Plan for troop 'surge' in Iraq gathers force

President Bush plans to lay out his Iraq strategy this week – and could opt for a modest increase of US forces.

Advocates of a "surge" of US troops in Iraq hope to persuade President Bush that the victory he seeks there is only possible with a substantial and prolonged escalation of the US presence.

The new congressional Democratic leadership, on the other hand, is calling on Mr. Bush to resist the idea. Yet the president may not satisfy either the "large and long surge" or the "no surge" camp when he unveils his plans in a speech to the American public, likely to occur Wednesday night. Speculation has grown as Bush has consulted widely and reshuffled his Iraq diplomatic and military teams that he could opt for a modest increase – no more than 20,000 troops.

Critics say that would simply repeat past tactics that have not delivered, while advocates of a big surge say it could be worse than nothing, only exposing more US troops to danger without providing the larger numbers they say are needed to get the job done of securing the civilian population.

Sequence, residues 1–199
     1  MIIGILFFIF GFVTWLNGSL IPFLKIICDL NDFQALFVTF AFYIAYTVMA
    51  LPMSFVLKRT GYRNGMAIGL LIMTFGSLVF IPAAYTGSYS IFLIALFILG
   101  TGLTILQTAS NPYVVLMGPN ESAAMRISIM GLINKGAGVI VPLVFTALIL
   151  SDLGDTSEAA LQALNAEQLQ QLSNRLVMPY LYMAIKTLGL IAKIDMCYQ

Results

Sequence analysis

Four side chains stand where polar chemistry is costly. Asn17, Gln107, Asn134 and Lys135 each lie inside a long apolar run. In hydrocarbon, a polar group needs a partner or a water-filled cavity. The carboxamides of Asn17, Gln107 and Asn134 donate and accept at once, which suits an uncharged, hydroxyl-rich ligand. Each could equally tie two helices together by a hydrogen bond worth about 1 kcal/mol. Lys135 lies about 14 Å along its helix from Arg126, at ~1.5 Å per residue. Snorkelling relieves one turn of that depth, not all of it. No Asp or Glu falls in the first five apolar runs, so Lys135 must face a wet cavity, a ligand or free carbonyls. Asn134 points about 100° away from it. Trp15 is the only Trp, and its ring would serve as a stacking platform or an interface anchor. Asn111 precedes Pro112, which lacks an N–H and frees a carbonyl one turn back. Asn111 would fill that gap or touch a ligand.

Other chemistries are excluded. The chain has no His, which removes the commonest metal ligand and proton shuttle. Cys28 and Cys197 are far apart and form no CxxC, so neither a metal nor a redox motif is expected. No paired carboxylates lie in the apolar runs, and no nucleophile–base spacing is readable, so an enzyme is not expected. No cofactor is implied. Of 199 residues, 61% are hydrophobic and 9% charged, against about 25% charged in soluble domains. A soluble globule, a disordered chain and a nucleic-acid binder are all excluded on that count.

"We must not low-ball this," says Frederick Kagan, a military historian at Washington's American Enterprise Institute (AEI) and a prominent proponent of a "large and long" US military increase. Insisting Iraq will be costly and bloody for the United States no matter what policy is chosen, he adds, "We can pay the price and win, or pay a similar price and lose."

Nearly two months after the Iraq Study Group dismissed any rise in US troops, advocates of military escalation are calling for an increase of up to 40,000 troops over the current 140,000 on the ground. The goal would be to secure Baghdad with a large American footprint long enough to allow economic development to take hold, and to defeat insurgents in the western Al-Anbar Province.

The strategy is supported by two prominent senators – longtime troop-increase advocate John McCain and Joseph Lieberman – and Washington neoconservatives. Other senators say they could support a small increase lasting a few months. Still others condemn the idea, including Republican Chuck Hagel, who calls it "folly."